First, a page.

Everyone will experience periods of sadness at some point in their lives. Whether from loss, disappointment, or financial troubles, feeling sad is a normal part of the human spectrum of emotions.
For most, sadness is a response to situations and events that occur throughout life. The heavy feelings typically lift once the situation has passed or resolved itself.
But if someone has been feeling sad for an extended period of time, with no particular cause behind it, it’s possible that it may be clinical depression.
When the Usual Fixes Don’t Work
While everyone processes their feelings differently, there are a few tricks that tend to work for many people.
One may be sad over a breakup, for example, getting together with some friends to eat ice cream, watch movies, and vent for a while tends to make people feel better. Others may find relief after crying, exercising to blow off steam, or engaging in an enjoyable activity. With time, the event that triggered the sadness should pass, and become less significant.
However, persistent sadness—for at least two weeks or more—could be a sign of something more serious.
Depression Doesn’t Need a Reason
General sadness has a cause; clinical depression does not. Life may be going well in many respects—good job, healthy relationship, lots of friends.
On the surface, it should seem like there is no reason to be sad about anything. But depression does not discriminate based on lifestyle or status. It’s not uncommon to feel persistently hopeless and empty even when everything is going well.
That’s because depression is a chemical imbalance in the brain; a lack of a chemical called serotonin. Unlike regular sadness, depression isn’t something one can snap out of by focusing on something else. In fact, friends and family members who try to encourage by saying “Cheer up!” can unintentionally make one feel worse.
One may feel ashamed or wonder if something is wrong with them, but depression is not your fault. For many people, it’s a genetic condition that requires treatment, just like diabetes or any other disorder.
We know that bodies can get sick. Our brain can, too. We would not normally shame ourself for coming down with a cold, so why would we feel ashamed for having depression, either.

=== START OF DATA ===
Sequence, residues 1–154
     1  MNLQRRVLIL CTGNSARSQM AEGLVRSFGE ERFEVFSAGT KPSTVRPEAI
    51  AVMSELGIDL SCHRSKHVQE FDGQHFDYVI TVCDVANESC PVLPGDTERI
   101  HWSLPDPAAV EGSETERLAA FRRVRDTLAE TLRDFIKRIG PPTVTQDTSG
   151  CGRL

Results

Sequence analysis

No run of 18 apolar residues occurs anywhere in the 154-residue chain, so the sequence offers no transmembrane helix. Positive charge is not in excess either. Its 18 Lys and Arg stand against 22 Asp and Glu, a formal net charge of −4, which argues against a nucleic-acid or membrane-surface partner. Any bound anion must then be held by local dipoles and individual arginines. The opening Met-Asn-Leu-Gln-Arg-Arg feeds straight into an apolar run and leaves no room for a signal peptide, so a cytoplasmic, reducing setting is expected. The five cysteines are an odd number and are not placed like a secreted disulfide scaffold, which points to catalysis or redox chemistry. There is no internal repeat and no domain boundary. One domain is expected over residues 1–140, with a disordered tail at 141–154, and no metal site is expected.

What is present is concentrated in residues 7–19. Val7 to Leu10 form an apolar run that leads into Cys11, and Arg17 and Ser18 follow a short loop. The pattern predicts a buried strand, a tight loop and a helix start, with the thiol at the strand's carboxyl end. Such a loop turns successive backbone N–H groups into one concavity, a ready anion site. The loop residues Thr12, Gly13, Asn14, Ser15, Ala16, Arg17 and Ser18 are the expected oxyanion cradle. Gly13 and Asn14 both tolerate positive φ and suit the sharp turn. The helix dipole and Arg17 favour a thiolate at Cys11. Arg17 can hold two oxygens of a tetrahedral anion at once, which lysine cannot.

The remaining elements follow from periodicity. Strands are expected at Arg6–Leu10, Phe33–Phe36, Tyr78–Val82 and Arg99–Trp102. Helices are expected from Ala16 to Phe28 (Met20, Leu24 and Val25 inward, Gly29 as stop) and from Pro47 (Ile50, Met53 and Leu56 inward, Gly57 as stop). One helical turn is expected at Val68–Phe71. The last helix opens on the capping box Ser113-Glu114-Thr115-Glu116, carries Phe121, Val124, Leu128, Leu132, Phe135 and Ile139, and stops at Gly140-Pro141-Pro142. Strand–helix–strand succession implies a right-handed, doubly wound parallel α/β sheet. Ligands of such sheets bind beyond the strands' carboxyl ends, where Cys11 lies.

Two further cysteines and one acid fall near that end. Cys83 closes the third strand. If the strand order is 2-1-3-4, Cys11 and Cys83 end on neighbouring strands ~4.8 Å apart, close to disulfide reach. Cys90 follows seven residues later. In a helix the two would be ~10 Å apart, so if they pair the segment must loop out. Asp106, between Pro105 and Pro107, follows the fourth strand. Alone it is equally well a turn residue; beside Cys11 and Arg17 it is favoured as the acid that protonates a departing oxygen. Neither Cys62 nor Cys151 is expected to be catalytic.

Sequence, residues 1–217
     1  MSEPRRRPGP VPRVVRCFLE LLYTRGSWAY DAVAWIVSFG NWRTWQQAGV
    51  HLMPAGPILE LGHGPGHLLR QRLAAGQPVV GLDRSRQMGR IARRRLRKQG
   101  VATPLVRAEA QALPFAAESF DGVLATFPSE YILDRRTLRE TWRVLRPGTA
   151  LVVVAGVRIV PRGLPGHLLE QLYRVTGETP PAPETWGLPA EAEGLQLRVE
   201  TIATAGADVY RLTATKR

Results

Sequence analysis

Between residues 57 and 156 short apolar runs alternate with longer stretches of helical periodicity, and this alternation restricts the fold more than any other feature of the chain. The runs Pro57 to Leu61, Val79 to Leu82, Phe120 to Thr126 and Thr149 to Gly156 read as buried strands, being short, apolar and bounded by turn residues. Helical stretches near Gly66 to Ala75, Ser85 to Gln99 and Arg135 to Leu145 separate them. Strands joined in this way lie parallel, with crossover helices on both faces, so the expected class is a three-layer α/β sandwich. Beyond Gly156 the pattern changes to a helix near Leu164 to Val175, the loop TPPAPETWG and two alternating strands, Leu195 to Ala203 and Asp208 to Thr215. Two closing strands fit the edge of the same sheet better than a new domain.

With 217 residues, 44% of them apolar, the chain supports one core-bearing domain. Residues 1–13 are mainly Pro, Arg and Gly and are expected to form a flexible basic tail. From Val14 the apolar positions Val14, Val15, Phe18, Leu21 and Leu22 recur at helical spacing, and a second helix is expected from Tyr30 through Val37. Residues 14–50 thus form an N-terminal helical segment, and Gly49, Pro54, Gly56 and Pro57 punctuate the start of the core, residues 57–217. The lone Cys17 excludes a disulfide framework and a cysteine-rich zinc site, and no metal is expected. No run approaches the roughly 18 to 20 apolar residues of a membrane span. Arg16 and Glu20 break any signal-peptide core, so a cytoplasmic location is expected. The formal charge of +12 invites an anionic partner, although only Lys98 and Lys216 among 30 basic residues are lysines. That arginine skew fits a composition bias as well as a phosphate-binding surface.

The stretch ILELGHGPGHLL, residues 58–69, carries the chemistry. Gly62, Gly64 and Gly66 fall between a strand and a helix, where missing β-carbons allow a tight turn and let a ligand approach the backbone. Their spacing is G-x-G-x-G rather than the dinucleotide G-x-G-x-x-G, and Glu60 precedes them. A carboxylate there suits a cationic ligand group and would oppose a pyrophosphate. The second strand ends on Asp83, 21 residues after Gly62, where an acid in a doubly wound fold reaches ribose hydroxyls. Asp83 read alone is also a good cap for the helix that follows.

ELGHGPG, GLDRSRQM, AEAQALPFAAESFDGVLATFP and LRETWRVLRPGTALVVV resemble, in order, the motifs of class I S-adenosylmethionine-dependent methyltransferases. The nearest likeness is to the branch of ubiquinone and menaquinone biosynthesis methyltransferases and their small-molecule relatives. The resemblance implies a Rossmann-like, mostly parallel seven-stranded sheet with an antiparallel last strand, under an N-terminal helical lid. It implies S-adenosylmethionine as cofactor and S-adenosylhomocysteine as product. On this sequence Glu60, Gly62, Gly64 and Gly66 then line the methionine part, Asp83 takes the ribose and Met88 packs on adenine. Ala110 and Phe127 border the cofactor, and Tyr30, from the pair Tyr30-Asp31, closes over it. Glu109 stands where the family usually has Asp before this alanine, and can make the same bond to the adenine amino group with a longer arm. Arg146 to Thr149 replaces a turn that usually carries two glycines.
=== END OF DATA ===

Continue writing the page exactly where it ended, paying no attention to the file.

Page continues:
Signs to Watch Out For
If the sadness doesn’t start to fade after a few weeks, it’s possible that it could be something more.
Here are a few warning signals that we want to pay attention to:
Loss of interest in activities that used to bring you happiness
Difficulty sleeping, or sleeping way too much
Lack of hunger or overeating; extreme weight gain or loss
Persistent lack of energy
Easily agitated or angered
Feeling sluggish and easily fatigued
Difficulty concentrating and making even small decisions
Prolonged feelings of hopelessness and guilt
Preoccupation with death or thoughts of suicide
A doctor can diagnose clinical depression by conducting an assessment of medical history. One may also be asked to fill out a chart that asks about your emotions on a day to day basis.
Depending on the results of the assessment, the doctor may recommend therapy or an anti-depressant prescription. Many people cope with depression by using both treatment methods, which have shown to be very effective.
Mental health professionals will also recommend setting aside some time each day to engage in an activity that makes us happy, adopting a furry friend (dogs and cats are great at bringing genuine smiles), eating a healthy, balanced diet, and exercising.
The endorphins released during physical activity go a long way toward lifting our moods.
If there is a concern that prolonged sadness is something more serious, feel free to schedule an appointment by calling 828.513.6491. No one should have to experience this alone. I’m here to help.
For more information about anxiety or depression counseling, click here.
About the Author
Julia Nelson, LPCA, LMFTA is a psychotherapist and owns a private practice in Henderson County, (Flat Rock) NC and Rutherford County, (Forest City) NC. In general, she specializes in couples counseling, anxiety and depression counseling, premarital counseling, and parenting classes. She is also a Certified Clinical Military Counselor. To find out more about Julia click here: Nelson Christian Counseling.
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